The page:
Following reports in the Arab press on 9 December about the assistance, which Hamas extends to Iran in Yemen, Saudi Arabia sent an invitation to Mishal for a visit. And in order to clear the air, a senior Syrian security official promised that Mishal would explain every misunderstanding during his visit.
However, soon after Mishal made statements in the Gulf and returned to Damascus, Hasan Mahdawi, official in charge of the Iranian Qods Force in Lebanon, contacted and asked him to clarify what he meant by his statements.
At the meeting that was held in Damascus, Mishal told Mahdawi that the Saudis used the harshest words in explaining their stand toward Hamas and their opposition to Hamas’s role, which serves “the Shiite interests at the expense of the Sunni interests.” He also told Mahdawi that Gulf officials informed him of their shock how Hamas could join the camp of the enemies.
Mishal said the Saudis did not believe that Hamas was supposed to reach a resolution to its problems in Gaza. He said the Saudis think that Hamas hesitates to achieve reconciliation with the PA and uses all its efforts because it believes that it will become a regional player at a time when it became a card played by many parties.
During the meeting between Mahdawi and Mishal, the latter appeared to be sitting in the confessional booth. He said Saudi Arabia did not level explicit threats at Hamas. He added that, in spite of an agreement between him and Saudi Arabia that any difference of opinion must not become public; the Saudis refused to believe his denial and told him that “Hamas must leave Yemen alone.”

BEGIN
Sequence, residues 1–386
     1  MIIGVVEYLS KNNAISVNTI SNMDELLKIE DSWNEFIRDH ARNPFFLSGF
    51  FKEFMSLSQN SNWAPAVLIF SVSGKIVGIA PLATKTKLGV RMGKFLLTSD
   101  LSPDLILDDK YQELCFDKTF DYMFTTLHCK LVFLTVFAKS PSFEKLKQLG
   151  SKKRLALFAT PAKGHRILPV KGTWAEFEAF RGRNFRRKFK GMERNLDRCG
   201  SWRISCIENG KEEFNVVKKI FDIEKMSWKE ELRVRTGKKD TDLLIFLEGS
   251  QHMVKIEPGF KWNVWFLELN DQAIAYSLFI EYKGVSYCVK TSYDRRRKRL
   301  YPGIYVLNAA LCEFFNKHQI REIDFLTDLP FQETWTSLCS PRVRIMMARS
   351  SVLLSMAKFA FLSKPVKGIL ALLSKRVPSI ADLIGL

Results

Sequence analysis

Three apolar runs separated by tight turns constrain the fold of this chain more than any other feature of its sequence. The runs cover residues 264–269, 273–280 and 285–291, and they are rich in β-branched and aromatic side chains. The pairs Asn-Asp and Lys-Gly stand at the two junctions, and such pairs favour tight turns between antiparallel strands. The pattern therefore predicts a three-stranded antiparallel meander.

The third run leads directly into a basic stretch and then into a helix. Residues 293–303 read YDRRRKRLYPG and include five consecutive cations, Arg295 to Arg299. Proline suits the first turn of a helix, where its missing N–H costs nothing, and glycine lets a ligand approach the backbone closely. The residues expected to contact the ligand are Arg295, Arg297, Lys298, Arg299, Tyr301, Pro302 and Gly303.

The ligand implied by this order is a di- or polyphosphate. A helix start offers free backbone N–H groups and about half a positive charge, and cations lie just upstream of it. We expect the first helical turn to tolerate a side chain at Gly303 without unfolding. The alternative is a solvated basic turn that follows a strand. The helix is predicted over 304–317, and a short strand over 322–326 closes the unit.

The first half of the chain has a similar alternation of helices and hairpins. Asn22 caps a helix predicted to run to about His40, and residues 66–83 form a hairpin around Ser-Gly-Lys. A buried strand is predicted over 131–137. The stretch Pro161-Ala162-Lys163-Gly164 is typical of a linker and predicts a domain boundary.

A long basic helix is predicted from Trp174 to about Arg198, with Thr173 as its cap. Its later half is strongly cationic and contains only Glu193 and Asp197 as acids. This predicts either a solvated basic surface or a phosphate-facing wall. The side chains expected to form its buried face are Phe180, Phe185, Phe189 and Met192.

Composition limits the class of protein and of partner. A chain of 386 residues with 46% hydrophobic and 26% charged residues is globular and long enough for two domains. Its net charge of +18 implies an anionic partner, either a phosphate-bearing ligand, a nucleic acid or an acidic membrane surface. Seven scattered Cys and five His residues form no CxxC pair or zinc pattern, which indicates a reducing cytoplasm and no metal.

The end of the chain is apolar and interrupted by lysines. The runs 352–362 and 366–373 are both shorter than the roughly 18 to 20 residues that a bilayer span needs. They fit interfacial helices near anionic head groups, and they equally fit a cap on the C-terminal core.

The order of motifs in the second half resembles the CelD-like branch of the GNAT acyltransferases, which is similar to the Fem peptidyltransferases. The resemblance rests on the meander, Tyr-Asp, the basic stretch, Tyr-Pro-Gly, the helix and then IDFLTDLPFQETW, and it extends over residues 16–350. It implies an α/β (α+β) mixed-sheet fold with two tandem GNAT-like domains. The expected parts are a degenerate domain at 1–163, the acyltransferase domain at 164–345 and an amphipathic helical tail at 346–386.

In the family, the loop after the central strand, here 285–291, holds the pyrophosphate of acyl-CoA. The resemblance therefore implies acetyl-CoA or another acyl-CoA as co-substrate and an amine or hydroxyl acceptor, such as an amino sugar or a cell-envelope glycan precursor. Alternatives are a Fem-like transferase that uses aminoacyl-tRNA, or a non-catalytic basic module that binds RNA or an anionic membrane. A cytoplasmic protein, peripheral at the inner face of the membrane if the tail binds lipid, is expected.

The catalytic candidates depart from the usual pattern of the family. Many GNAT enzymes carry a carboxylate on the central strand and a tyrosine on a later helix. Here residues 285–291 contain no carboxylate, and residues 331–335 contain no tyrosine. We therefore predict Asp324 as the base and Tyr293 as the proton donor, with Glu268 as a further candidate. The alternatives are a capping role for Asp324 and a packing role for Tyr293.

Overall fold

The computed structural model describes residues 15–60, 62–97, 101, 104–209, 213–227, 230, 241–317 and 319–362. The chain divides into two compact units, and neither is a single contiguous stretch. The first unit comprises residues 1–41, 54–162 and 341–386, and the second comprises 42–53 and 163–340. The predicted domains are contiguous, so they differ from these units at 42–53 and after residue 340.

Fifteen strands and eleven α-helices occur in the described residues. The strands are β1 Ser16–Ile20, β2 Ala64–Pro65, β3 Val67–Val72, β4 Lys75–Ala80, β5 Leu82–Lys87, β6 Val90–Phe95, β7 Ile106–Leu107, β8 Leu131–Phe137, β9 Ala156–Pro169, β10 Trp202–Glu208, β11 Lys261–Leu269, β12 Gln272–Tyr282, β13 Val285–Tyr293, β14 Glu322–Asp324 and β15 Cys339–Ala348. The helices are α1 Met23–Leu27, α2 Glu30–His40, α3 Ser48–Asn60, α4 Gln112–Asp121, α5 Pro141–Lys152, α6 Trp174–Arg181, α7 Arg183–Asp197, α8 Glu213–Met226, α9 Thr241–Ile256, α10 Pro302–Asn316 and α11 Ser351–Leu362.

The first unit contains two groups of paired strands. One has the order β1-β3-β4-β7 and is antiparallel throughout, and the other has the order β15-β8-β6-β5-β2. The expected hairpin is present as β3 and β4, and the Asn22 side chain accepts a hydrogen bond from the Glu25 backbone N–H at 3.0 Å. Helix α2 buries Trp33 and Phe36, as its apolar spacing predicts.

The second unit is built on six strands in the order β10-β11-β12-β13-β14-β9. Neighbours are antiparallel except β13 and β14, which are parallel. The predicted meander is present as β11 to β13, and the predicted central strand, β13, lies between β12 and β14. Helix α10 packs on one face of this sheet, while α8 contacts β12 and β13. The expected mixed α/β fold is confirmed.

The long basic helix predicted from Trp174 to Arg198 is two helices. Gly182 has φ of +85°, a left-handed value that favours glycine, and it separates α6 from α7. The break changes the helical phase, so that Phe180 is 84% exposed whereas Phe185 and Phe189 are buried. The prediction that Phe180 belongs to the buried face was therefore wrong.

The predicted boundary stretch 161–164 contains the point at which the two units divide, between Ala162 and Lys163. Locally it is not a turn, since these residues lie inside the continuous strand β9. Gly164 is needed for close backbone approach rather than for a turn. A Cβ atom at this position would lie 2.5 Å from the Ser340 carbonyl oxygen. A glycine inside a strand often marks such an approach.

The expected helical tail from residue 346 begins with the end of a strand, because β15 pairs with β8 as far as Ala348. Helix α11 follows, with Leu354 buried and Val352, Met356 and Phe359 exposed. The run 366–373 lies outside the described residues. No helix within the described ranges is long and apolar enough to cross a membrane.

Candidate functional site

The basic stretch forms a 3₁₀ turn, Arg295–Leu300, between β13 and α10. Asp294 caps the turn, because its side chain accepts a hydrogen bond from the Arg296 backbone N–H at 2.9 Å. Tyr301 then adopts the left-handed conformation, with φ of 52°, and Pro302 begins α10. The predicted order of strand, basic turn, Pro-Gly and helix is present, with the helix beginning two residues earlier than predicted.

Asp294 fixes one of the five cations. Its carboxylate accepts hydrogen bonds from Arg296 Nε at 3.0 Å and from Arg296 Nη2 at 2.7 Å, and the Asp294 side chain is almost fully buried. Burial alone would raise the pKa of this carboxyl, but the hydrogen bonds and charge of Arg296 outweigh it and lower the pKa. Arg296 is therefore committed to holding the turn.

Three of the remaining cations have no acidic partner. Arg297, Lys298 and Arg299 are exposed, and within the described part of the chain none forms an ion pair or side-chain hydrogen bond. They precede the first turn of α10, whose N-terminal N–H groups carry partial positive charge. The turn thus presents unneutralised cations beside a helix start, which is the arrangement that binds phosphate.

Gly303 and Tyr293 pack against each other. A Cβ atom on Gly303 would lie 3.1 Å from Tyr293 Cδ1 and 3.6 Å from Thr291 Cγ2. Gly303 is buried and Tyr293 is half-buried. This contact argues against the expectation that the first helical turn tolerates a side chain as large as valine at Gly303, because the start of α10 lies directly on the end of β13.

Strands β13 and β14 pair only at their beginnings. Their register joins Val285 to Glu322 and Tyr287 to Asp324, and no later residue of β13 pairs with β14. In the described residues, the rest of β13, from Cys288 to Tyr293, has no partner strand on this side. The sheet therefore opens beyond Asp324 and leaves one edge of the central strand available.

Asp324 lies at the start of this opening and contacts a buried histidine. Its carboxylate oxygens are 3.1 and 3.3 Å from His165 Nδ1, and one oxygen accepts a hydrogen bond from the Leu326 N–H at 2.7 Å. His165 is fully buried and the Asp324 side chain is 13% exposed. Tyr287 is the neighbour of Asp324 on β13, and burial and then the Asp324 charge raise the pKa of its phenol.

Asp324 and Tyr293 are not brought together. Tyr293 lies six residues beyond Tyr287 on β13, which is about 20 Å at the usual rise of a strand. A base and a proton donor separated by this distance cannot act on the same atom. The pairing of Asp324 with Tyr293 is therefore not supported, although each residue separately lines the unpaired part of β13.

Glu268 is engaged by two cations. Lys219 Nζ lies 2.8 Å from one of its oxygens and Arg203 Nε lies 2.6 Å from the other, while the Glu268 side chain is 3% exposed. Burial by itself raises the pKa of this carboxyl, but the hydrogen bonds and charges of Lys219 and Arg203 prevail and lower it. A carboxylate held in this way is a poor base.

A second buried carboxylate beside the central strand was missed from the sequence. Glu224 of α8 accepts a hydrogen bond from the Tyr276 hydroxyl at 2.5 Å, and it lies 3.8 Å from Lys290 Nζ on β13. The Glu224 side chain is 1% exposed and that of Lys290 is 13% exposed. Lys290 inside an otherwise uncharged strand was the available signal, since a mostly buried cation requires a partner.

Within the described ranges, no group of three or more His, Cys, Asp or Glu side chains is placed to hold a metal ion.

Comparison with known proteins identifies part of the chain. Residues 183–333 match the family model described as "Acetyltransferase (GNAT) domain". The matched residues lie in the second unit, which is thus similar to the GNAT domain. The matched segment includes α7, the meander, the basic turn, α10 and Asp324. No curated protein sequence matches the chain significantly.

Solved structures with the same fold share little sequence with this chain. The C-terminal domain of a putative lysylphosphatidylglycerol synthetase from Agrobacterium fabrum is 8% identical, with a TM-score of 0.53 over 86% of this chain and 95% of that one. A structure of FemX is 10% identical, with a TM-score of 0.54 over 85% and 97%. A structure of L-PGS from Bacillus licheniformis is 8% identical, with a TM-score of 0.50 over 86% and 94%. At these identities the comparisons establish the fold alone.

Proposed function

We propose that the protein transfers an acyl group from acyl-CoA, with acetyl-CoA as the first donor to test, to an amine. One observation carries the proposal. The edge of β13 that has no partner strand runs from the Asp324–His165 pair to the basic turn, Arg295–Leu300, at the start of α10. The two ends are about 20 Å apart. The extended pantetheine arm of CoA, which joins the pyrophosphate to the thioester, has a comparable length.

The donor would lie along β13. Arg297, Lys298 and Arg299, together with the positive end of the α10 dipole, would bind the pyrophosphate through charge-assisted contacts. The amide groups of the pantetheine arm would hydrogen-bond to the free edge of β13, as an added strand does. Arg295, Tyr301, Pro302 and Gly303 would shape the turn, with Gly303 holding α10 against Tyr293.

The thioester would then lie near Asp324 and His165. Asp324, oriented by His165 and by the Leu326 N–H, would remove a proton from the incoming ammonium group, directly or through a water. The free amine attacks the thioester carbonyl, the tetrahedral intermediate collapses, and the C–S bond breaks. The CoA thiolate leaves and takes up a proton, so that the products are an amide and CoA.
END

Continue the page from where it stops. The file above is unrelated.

Then he informed Mahdawi that he would refer the promise, which he made to Iran to extend assistance in Yemen, to the Hamas Shura [consultative] Council for discussion.
He said: “Saudi Arabia, which I visited, was not the same as it was before. Its stands against any move that might threaten its interests were severe, especially if Iran is a party to this threat.”
He added: “Saudi Arabia will not accept any activity by Iran or Hamas in its backyard. We were wrong to think that when we managed in the past to bypass Egypt’s interests by smuggling weapons through Sudan, we would be able to do the same thing with Saudi Arabia.”
Mishal’s visit to Saudi Arabia angered the Iranians who told him that he should have consulted with them before accepting the invitation. They also told him that from now on, if any Hamas official receives such an invitation, he must first discuss its acceptance with Tehran.
Mahdawi said to Mishal: “Do not pay attention to the Saudi threat. You can simply reject any invitation from Riyadh.”
He drew Mishal ‘s attention to Egypt, which borders Gaza, and reminded him how Hamas resists its call to sign a reconciliation agreement with the PA and how Egypt procrastinates and looks for a way out after it discovered a Hezbollah activity in its territories.